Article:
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My First Completed Knife


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well your light years ahead of my first one, Great job! That textured copper was just the thing to add some " Umph" I like it!

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Great fit and finish, far better than my first! Two things I see to think about for the next one, though: lose the step-down from handle to blade spine. That should be an unbroken line for good visual flow. 2. The handle still looks a bit blocky somehow. These are both minor aesthetic points, but I think you'll find your next knife will look even better if you incorporate them. Great job!

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Thanks again guys. Alan, I agree with what you said, and definitely will work on those aspects on my next knife. I plan on doing a full tang for my next knife, so the handle-blade transition should be smoother.

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Great job! I wish my first knife turned out that good. Unfortunately though, I quenched it today and I think it cracked. :(

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Nice job Eric.

 

 

Great job! I wish my first knife turned out that good. Unfortunately though, I quenched it today and I think it cracked. :(

So don't put a handle on it......that way it isn't your "first knife" :P

It's just your "first blade."

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Nice job Eric.

 

 

So don't put a handle on it......that way it isn't your "first knife" :P

It's just your "first blade."

 

I like your thinking Josh!

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  • 8 months later...

I'm a fan of copper, so I'm definitely digging that. Maybe if the handle was narrower? It kind of feels like whatever you would call a Japanese paring knife.

Do you mind if I ask how you handled the heat treating? I've got a bearing race sitting in a drawer that may have just found its new purpose.

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  • 4 months later...

great job on the copper addition....to prevent galvanic corrosion make sure both the knife and copper are insulated from each other with heavy coats of epoxy or many layers of clear nail polish at the point of contact between the copper surface and the blade connection...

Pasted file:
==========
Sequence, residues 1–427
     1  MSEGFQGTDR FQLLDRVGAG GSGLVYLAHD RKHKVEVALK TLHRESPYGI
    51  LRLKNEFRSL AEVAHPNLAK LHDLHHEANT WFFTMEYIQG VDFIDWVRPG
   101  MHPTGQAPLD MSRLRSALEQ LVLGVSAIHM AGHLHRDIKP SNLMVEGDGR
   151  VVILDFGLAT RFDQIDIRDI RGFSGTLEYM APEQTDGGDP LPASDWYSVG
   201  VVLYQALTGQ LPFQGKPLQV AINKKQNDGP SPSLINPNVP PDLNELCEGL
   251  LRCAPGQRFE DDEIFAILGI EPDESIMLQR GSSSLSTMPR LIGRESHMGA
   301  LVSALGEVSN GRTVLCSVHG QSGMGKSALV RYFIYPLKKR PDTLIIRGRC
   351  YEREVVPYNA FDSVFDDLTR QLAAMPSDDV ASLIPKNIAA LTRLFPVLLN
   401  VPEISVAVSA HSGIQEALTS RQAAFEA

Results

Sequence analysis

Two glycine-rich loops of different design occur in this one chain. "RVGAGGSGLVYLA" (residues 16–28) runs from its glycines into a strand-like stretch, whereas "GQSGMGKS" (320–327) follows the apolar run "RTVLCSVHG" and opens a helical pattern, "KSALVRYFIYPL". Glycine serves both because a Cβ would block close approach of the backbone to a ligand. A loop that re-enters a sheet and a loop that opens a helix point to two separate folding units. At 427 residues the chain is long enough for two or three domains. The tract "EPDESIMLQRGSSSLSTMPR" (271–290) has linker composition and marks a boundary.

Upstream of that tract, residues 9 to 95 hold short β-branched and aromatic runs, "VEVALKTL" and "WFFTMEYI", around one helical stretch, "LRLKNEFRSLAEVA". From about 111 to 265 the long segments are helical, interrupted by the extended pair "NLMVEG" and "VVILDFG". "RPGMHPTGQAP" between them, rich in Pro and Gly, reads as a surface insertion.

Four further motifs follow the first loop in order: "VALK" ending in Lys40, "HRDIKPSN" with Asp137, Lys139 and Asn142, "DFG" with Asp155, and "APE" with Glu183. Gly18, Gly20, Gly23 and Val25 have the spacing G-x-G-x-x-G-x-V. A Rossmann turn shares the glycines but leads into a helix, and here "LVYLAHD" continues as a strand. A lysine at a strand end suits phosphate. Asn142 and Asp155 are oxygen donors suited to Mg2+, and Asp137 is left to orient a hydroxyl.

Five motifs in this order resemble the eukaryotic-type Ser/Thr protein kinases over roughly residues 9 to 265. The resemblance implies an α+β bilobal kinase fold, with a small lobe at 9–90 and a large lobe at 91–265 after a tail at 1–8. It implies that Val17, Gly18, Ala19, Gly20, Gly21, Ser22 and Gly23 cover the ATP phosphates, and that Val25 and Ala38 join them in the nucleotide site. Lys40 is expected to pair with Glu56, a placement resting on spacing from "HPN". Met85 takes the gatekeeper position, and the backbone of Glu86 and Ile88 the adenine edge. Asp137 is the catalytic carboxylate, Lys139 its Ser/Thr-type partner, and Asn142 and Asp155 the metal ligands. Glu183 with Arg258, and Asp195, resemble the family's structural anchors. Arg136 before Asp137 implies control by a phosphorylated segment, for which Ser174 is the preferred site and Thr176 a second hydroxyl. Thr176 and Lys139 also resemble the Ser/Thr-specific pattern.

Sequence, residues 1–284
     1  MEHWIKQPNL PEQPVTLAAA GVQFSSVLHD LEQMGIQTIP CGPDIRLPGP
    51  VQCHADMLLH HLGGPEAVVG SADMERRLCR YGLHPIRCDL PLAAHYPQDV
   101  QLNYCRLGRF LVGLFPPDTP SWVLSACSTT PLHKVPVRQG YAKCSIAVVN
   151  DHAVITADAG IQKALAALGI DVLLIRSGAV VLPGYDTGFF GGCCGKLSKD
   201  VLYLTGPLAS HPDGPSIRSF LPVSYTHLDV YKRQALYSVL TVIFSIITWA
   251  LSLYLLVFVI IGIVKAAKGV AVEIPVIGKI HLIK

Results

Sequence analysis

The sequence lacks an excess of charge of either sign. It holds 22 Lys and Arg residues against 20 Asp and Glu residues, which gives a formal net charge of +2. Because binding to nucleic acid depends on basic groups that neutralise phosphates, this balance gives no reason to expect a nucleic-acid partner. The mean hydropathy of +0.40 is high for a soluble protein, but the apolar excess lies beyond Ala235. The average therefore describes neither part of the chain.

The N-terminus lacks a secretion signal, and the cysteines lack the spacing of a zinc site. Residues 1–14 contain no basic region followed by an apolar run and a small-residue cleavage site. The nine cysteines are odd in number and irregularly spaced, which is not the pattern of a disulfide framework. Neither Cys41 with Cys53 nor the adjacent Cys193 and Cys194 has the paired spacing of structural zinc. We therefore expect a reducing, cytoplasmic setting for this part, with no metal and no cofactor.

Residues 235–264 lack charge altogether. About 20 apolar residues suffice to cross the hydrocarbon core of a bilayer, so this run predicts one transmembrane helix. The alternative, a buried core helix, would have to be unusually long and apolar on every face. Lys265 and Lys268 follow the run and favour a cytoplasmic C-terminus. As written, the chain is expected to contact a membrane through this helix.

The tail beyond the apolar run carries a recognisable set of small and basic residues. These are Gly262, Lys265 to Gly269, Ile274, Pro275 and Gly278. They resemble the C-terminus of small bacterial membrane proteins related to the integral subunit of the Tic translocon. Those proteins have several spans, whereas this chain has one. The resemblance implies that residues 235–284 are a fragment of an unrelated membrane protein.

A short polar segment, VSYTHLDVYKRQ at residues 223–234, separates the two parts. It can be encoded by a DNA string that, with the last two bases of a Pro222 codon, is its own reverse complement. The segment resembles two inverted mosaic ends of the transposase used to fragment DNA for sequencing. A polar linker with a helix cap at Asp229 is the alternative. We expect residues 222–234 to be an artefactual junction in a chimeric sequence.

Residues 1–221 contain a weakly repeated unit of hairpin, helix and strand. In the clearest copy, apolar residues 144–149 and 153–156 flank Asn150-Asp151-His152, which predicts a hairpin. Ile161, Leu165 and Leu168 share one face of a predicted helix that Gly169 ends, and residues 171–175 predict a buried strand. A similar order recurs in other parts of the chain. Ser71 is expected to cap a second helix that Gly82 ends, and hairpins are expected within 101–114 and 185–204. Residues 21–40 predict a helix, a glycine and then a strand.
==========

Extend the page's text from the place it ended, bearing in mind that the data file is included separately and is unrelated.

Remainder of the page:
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On 6/10/2017 at 10:16 AM, JeffM said:

prevent galvanic corrosion

I never knew this was a thing, can you elaborate please? 

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If I understand it properly, the greater the difference in electrical potential between two materials, the more likely they are to experience a galvanic reaction. The end result is one of the materials gets eaten away in the presence of an electrolyte, like sweat.

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1 hour ago, Jon Cook said:

If I understand it properly, the greater the difference in electrical potential between two materials, the more likely they are to experience a galvanic reaction. The end result is one of the materials gets eaten away in the presence of an electrolyte, like sweat.

Cheers, thanks for sharing, never knew such a thing would happen. 

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in the case of copper and steel in contact with each other it would typically take about 2-3 years for the decay process to completely ruin the blade...first noticeable signs of decay would be a a white chalky looking powder forming on the knife close to where the steel and copper meet

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Galvanic corrosion only takes place in the presence of moisture, so if you keep everything dry and oiled you have nothing to worry about.  Now then, if you bury that sucker in wet acidic soil you'll get serious corrosion in a short time.  For most of what we do this will not be a problem, as you can tell by all the blades with copper/brass/bronze on them that have survived for centuries.

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